Florida Ponders Low Enrollment for Summer Pre-K
Florida’s new voluntary prekindergarten program—which drew nearly 100,000 children over the school year—is serving less than one-tenth of that figure in its summer program.
The school-year program began last fall and is operated by private child-care and preschool providers. But the summer program, which serves children in the months immediately before they enter kindergarten and has a stronger academic focus, is operated by the public schools.
It’s not clear if that difference explains the low summer turnout, but the contrast in numbers troubles pre-K advocates.
“The voters did not ask the governor to sign a bill that had two different programs,” when they approved the 2002 ballot initiative requiring that the state offer universal prekindergarten, said Linda Alexionok, the executive director of the Children’s Campaign, a Tallahassee-based group advocating for a higher-quality preschool program. “What we got was improved babysitting during the school year and a mini-FCAT boot camp during the summer.”
FCAT stands for the Florida Comprehensive Assessment Test, which is the state’s K-12 assessment program.
The most recent enrollment count in the summer pre-K program stands at 8,600, according to Warren May, a spokesman for the Florida Agency for Workforce Innovation, which oversees the program.
Mr. May said that officials didn’t really make projections for summer enrollment because estimates are usually based on what happened in the previous year. Districts had planned to have many more pupils than they ultimately enrolled, however.
“There was no last year,” he said. Parents can continue enrolling their children over the next few weeks, so the summer number might increase, he added.
A variety of reasons may be behind parents’ rejection of the summer program.
One explanation, some observers say, is that the legislation creating the program, which lawmakers drafted in 2005, requires 300 hours of instruction over roughly eight weeks—which comes to more than eight hours a day. That is just too long for some families, they contend.
Another reason for the low enrollment could be that parents are responsible for providing their children’s transportation. While that is true during the school-year program, families likely have to travel farther to get to the summer programs because there are fewer of them.
Ms. Alexionok noted that some parents had sat out the school-year program because they wanted a higher-quality experience for their children and decided to wait for the summer classes.
During the school year, children are taught by teachers who hold a child-development-associate credential—which is less than a two-year college degree and falls short of what many experts say is necessary for high-quality preschool instruction.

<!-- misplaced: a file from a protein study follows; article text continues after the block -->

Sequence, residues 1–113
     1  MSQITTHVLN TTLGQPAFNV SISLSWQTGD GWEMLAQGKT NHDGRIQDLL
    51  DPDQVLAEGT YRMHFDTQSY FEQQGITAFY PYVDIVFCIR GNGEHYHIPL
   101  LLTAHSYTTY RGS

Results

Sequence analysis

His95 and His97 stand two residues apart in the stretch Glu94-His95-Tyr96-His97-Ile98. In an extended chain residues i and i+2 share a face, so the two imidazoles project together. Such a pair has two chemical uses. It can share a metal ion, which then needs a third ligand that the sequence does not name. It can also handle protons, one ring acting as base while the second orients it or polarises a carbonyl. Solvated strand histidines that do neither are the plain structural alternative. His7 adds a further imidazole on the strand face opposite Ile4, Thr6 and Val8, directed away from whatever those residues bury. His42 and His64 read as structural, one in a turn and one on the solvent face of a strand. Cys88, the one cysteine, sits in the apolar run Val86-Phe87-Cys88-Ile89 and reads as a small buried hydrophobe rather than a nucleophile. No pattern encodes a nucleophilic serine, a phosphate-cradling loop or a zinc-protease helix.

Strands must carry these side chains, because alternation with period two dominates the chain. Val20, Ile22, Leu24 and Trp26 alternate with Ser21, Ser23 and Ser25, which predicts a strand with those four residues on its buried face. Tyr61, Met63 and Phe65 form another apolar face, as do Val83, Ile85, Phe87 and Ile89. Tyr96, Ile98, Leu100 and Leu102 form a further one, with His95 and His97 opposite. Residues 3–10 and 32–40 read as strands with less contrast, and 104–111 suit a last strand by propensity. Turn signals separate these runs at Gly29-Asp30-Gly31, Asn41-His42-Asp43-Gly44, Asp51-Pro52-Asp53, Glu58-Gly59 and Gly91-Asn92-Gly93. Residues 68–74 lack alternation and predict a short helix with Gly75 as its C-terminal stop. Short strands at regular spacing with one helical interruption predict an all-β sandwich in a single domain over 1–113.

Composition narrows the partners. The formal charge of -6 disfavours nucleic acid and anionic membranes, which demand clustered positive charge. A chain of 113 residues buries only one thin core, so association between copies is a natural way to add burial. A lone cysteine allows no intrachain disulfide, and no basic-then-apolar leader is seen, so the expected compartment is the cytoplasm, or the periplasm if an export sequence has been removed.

In the summer program, the teachers must have four-year degrees and teaching licenses.
But because of the low summer turnouts, school districts are consolidating classes at only a few sites. Therefore, many parents now either have to drive long distances to reach a school providing the classes or miss out altogether, Ms. Alexionok said.
In the seven counties that make up the “big bend” region of the Florida panhandle, for example, about 370 children are enrolled in the program. But closer to 1,000 children were expected, says Lauren Faison, the director of early-learning services for the Early Learning Coalition of the Big Bend Region. The early-learning coalitions are appointed by the governor to oversee local early-childhood services.
“This is a full day, and some parents might only want three hours,” Ms. Faison said. She added that schools are not allowed by state law to include naps in the instructional hours.
The summer program—which was not part of the 2002 initiative—was created by legislation sponsored by state Sen. Lisa Carlton, a Republican. She could not be reached for comment, but Mr. May contends the summer program was meant to serve as
a safety net for parents who missed the school-year program or who preferred to have their children in a school setting.
Challenge to Candidates
Meanwhile, the Children’s Campaign is pushing to make improving the pre-K program a significant campaign issue in this fall’s gubernatorial election. “There are not enough [legislative] changes from the House and the Senate,” Ms. Alexionok said. “It’s going to have to come from the executive branch.”
The state’s primary is Sept. 5, and two former state school superintendents, state Attorney General Charlie Crist, and Chief Financial Officer Tom Gallagher are among the Republican candidates seeking the nomination. Leading Democratic candidates include state Sen. Rod Smith and U.S. Rep. Jim Davis. Term limits prevent Gov. Jeb Bush, a Republican, from running for a third term.
The state legislature made only minimal adjustments to the program during this year’s session, raising the per-child cost from $2,500 to $2,560.
But advocates are hoping the gubernatorial candidates will commit to making several improvements—such as offering both half- and full-day programs to meet the needs of parents, and requiring higher credentials for teachers in the private centers. Currently, the law reads that obtaining college degrees is merely an “aspirational” goal.
“We want the word ‘aspirational’ turned to mandated,” Ms. Alexionok said.
Regardless of what the gubernatorial candidates’ responses are, Ms. Faison noted there are already signs that when the school-year program starts up again in the fall, enrollment will top last year’s numbers. And private providers who took a wait-and-see approach during the program’s first round are already expressing interest in signing up to deliver the classes.
“Parents are much more proactive about [signing up in] the fall,” Ms. Faison said.
Vol. 25, Issue 41, Pages 25,29